Enter your keyword

Events

  • This event has passed.

CFP for the Summer 2020 issue of the ESSE Messenger

AIA editorial 0 29

CFP for the Summer 2020 issue of the ESSE Messenger

Theme: Language, discourse and gender identity
Guest editors:
Dr. Isil Bas, Istanbul Kultur University, Turkey
Dr. Maria Socorro Suárez Lafuente, University of Oviedo, Spain
Deadline: 31 May 2020.

Identities are constituted and reconstituted by language, which gives the illusion that
linguistic organization reflects a definitive sense of belonging in a neatly structured
world. Since mid-twentieth century, however, language has increasingly started to be
suspected, as its neutrality has constantly been under attack by theoreticians who see
it as reflecting and strengthening hierarchical social orders that oppress certain
groups and individuals that fall outside the established norms. Gender scholars,
especially, now approach language as a “discourse” that either fits or subverts the
aims of patriarchy. They claim that gender discourse has been barely unalterable for
centuries, when subversion was fairly easy to silence and invisibilize. But in the last
half century gender discourse acquired a name and a presence and marked the way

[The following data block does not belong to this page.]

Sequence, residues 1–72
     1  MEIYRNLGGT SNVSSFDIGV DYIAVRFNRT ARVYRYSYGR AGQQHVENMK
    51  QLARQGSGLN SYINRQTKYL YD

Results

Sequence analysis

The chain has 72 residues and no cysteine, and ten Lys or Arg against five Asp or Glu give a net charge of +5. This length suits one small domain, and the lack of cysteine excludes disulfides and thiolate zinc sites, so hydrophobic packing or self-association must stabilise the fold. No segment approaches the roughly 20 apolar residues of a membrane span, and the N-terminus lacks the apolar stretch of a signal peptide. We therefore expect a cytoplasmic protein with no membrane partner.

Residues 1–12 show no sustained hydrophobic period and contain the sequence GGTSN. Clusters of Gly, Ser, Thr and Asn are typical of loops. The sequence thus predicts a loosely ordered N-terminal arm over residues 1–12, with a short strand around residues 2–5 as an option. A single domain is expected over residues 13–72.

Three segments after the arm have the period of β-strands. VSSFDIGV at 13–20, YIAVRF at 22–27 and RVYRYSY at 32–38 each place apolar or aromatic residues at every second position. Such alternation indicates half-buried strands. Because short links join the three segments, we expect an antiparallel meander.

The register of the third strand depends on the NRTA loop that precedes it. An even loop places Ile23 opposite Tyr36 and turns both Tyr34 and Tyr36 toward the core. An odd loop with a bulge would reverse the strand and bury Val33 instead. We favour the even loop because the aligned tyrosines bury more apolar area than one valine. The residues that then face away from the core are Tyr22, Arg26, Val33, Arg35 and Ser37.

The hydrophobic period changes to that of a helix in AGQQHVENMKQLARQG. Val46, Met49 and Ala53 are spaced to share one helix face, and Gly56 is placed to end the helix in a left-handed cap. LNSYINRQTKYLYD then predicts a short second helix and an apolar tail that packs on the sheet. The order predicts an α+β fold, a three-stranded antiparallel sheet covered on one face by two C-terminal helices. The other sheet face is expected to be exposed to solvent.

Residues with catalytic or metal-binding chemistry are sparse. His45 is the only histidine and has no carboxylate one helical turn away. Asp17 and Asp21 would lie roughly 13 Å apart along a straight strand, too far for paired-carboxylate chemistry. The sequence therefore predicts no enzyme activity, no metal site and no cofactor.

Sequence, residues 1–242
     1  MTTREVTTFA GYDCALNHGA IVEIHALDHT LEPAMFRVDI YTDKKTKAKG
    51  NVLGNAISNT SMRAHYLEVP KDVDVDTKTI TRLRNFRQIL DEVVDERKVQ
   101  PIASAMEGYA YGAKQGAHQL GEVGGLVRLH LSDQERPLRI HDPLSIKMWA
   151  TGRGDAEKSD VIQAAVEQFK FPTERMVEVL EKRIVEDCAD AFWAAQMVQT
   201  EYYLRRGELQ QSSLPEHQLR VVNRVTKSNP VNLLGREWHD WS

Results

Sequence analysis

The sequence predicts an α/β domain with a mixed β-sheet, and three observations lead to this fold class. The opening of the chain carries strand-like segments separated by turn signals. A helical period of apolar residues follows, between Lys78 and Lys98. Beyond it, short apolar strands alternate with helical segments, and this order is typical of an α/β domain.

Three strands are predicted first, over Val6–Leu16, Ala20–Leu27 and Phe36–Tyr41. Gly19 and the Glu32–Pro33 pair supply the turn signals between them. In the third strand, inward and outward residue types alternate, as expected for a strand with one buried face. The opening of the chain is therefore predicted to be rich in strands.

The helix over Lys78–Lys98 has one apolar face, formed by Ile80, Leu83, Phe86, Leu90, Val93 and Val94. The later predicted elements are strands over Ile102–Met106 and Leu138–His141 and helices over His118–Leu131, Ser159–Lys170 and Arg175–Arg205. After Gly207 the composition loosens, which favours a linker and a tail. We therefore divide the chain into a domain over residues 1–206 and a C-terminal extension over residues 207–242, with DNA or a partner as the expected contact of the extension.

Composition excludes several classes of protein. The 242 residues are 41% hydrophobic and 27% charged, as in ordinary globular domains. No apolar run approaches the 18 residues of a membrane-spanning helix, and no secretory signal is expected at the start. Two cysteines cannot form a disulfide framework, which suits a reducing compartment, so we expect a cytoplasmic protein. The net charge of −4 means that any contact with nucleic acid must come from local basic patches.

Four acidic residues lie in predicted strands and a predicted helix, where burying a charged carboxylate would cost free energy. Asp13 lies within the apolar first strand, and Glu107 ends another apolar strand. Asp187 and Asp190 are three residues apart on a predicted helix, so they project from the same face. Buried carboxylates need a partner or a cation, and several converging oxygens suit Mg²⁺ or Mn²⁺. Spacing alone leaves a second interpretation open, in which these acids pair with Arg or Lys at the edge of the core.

for minorized groups to form and voice their different identities and in Bronwyn
Davies’s words “multiple ways of being.” (1990:502)
The upcoming Messenger issue will concentrate on both the role of language in
creating gendered identities and alternative “discourses” that envisage the existence
and possibility of plural and variable existences and worlds that challenge traditional
sexed and gendered polarities.
To that end we seek articles that address:
• Language as marker of gender identities
• Language as reflection of cultural patterns of dominance and subordination
• Use of language to construct dominant gender ideologies through history.
• Use of language to suppress the gender discourses through history.
• Gender-Appropriate Language
• Positioning in Gender communication
• Analysis of gender discourse to express personal identities.
• Possibility of linguistic “sex change”